Curve sculpting off the Fed’s table until September. During the post FOMC meeting press conference, Chair Powell clarified the Fed’s stance on the controversial concept of curve sculpting.   Evidently the FOMC discussed asset purchases and forward guidance and reviewed other countries ‘experiences with curve sculpting but wants more information about the trajectory of the pandemic and the economy before making a final decision, which now appears likely in September. If it employs curve sculpting at all, we’d expect the FOMC to cap the front-end of the yield curve, Treasury yields out to 5-years or so, and that the capping of longer term yields – like the 10-year Treasury – is unlikely. If there is a robust economic rebound from ultra-low levels in the coming quarters, expect the 10-year Treasury yield to top 1% by year’s end, and approach 1.50% by the end of 2021. Short term yields will remain anchored near all-time lows, regardless of any recovery.

The Fed’s “Dot Plot” is more useless now than ever. Part of the Fed’s Summary of Economic Projections (SEP), the Dot Plot, a heavily scrutinized graphic, provides financial markets with an indication of where each Fed official thinks rates will be in the future. Many of our peers analyze the Fed’s dot plot to no end, using it as a tool to predict where interest rates are headed. We think the dot plot is hogwash and ignore it. Why? The lack of clarity regarding what the Fed is trying to accomplish with its forecasts.

The dot plot lacks a key ingredient for its usefulness as being a real predictor of interest rates: The Fed’s degree of confidence in its forecasts, aka a “confidence interval” in statistics-speak. To top it off, the Fed has purposefully done a poor job helping interpret it over time. Especially so now, focusing too heavily on the dot plot puts one at risk of losing sight of the big picture. Given the future of sub-par inflation and sky-high unemployment we are all facing for many months to come, the Fed will lean on non-traditional tools and guidance, rendering the dot plot even less meaningful than in times past – focus on it at your peril. Want more on the dot plot? The Fed will explain it to you here.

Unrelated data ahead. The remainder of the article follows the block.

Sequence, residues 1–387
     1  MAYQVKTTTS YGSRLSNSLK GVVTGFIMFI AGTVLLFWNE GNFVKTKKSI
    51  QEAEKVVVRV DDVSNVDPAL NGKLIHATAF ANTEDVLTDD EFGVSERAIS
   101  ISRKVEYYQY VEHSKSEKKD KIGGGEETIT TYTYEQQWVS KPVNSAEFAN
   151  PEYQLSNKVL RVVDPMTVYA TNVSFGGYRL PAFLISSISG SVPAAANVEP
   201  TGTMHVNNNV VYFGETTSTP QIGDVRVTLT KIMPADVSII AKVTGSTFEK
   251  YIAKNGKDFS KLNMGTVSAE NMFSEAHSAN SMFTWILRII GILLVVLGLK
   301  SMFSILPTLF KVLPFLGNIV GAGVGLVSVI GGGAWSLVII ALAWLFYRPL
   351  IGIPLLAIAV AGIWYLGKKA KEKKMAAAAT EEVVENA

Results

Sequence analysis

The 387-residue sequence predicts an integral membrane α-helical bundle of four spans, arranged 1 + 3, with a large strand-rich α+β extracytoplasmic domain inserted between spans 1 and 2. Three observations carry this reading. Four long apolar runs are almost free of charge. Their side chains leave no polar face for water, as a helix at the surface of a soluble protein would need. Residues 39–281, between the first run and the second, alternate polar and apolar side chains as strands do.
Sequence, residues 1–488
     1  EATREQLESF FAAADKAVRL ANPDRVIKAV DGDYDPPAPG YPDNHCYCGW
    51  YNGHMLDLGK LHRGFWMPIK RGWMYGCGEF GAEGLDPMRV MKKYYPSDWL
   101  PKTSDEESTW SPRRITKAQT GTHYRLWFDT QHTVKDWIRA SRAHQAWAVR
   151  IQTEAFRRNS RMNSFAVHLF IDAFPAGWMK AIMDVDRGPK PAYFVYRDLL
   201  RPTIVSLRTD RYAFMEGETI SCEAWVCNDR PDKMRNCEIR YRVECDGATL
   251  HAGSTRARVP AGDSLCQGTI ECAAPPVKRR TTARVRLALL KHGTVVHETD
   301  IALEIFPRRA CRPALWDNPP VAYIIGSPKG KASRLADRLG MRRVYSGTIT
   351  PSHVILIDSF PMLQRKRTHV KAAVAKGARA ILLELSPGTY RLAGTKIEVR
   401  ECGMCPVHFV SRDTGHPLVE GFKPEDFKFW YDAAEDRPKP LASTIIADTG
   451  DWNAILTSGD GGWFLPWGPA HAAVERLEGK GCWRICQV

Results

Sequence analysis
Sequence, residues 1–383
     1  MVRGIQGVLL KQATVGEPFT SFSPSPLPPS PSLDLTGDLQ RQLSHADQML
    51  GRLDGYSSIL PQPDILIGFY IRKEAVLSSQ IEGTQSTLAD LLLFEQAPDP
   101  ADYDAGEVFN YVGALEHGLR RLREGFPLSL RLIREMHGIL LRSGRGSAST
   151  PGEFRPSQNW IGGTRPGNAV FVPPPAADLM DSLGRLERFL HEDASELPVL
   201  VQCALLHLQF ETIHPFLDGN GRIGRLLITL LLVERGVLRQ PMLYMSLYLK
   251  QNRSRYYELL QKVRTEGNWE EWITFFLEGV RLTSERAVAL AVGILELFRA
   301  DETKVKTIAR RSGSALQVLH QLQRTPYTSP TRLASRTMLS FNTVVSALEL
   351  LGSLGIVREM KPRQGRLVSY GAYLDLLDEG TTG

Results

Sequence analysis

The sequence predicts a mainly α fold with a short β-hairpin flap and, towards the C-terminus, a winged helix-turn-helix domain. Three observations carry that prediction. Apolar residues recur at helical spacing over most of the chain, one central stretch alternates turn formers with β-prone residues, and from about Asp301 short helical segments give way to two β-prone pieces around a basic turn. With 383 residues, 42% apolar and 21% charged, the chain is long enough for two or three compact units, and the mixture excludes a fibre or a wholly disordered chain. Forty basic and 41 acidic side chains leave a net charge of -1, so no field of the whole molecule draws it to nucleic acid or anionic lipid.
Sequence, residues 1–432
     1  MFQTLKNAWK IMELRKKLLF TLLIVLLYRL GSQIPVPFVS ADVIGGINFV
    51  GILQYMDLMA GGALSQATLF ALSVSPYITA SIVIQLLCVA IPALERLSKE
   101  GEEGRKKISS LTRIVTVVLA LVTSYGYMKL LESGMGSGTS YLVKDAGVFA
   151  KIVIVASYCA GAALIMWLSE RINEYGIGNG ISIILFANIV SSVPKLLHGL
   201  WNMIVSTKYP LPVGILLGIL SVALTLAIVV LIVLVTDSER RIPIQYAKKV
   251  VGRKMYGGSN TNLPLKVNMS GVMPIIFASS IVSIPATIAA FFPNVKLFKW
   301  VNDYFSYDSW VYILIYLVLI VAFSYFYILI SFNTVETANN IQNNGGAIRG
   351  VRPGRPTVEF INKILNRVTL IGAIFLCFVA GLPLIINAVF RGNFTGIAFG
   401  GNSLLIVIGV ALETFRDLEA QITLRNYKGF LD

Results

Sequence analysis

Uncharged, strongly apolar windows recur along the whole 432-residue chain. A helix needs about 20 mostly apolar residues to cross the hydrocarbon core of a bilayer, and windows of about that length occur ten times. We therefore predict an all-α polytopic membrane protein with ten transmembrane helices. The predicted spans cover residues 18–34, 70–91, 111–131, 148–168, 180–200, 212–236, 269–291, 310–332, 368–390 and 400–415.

Improving consumer attitudes fueled hopes of recovery. The consumer sentiment index for June posted its second consecutive monthly gain. The gauge increased to 78.9 from 72.3 prior, beating expectations for a rise to 75.0. The move reflects an uptick in both the consumer’s current state and expectations in the future as the economy reopens and millions of Americans return to their jobs. Do not be fooled though, wishful thinking and uncertainly surrounding the outlook for the economy and jobs remains high. While the state of the consumer is indeed improving, it is doing so from ultra-low levels, and is still seriously depressed. This suggests that a rebound in the key driver of economic growth – consumer spending – will be limited for a long while yet due to massive job losses and tepid wage growth.